Persona: Human-Centered Approaches Exhibit 2016-2017
What defines a person? The Brown University Science Center presents an exhibition investigating how a variety of disciplines perceive identity and the self. Fourteen students, alumni, and faculty from the Brown and RISD community generate different solutions to this question. What is your answer?
Curated by undergraduates Kenji Endo and Teri Minogue, “Persona” features work from the following artists and researchers: Po-Yen Chen, Raina Wellman, Amelia Zhang, Val Healy, Jane Lee, Sarah Jane Lapp, Carlos Aizenman, Michael Littman, Stephen Brawner, Mark Ho, Janet Isserlis, Sebastian Niculescu, Jeff Huang, Molly Millette, Trang Duong and Penta, and Jae Chung. The exhibit was on display at the Science Center (3rd Floor Sciences Library) October 2016 — May 2017.
The Prototype Exhibit 2015-2016
Curated by undergraduates Colvin Kenji Endo, Teri Minogue, and Adele Ruppert, “The Prototype” focuses on the design process of the products, spaces, objects, and technology we use in our everyday lives – structures that must be realized with consideration of the three principles of design: beauty, sustainability, and utility. From areas such as engineering, industrial design, architecture, urban studies, computer science, and visual art, this exhibit showcases parts of the design process that are not usually seen by the user, focusing on the inspiration, brainstorming, collaborations, revisions, and dead ends that happen before a product, structure, or space is ever realized.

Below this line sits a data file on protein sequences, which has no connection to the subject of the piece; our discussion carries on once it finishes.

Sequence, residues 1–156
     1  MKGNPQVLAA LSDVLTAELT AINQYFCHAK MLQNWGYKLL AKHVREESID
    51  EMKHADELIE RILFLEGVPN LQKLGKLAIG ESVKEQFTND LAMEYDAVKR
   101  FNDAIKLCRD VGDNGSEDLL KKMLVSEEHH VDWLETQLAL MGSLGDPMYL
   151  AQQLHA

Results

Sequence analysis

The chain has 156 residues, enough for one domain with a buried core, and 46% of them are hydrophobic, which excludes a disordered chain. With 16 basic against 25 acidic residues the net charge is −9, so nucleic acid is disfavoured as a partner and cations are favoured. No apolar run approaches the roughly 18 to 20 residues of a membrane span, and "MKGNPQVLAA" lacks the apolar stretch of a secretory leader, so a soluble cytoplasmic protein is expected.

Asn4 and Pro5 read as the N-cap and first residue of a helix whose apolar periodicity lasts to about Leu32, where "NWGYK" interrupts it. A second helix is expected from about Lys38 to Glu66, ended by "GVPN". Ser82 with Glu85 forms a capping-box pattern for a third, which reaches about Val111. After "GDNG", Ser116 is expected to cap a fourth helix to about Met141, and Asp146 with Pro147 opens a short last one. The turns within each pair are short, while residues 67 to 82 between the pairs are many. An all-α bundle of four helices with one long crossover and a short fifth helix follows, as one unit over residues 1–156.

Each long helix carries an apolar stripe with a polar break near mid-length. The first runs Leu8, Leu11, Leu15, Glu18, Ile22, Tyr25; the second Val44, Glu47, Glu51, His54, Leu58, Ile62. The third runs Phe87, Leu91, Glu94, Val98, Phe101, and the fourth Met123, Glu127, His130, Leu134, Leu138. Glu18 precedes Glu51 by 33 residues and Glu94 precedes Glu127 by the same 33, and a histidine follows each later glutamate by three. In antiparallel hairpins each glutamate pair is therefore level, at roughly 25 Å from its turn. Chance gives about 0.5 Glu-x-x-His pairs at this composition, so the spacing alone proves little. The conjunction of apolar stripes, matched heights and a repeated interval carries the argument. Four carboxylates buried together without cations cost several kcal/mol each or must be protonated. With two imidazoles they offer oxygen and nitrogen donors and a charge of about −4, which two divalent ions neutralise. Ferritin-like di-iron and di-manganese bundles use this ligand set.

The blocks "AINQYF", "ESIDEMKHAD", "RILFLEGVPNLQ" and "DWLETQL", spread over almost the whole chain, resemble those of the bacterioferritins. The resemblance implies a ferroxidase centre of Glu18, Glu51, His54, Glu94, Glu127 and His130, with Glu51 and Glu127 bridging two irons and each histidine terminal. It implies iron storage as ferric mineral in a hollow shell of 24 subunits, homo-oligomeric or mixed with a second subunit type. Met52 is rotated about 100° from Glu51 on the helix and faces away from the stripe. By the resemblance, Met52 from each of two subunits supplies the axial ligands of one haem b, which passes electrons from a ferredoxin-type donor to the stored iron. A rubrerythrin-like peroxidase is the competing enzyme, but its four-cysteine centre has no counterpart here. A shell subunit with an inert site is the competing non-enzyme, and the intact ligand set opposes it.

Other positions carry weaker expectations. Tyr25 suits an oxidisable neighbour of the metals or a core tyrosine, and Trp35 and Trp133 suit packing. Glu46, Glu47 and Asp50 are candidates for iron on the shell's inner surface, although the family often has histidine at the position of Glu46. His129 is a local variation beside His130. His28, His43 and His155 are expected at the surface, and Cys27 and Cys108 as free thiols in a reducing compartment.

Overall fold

The exhibit features work from the following artists: Ana Christina Baquerizo, Andres Chang, Benjamin Basseches, Christopher Sancomb, Connie Wang, Eli Block, Hanson Cheng, Horatio Han, Ijeoma Azodo, Lily Fan, Michael Yurgeles, Pneuhaus, Scarlett Xin Meng, Stan Lichens, STEAM, and Yanan Wu.
Biomimicry Exhibit 2014-2015
Nature and its systems are at work all around us, and these systems are governed by forces that constantly evolve towards maximum efficiency, both in the grace and economy of its mechanisms and the large-scale closed loop of material and energy usage.
In the world of design, using biomimicry means incorporating elements of an organically occurring system. Olympic swimsuits are based on sleek shark skin; the bumps on a whale’s fin are incorporated into tidal turbines to reduce drag; tall office buildings are built with big thermal masses, like termite mounds, to reduce the need for air conditioning.
This exhibit was made possible by students from all disciplines and curator Claudine Fernandez. The exhibit will be display through the 2014-2015 academic year at the Science Center. Stop by see the contributions as well as the compilation of all the pieces in the Exhibit Booklet.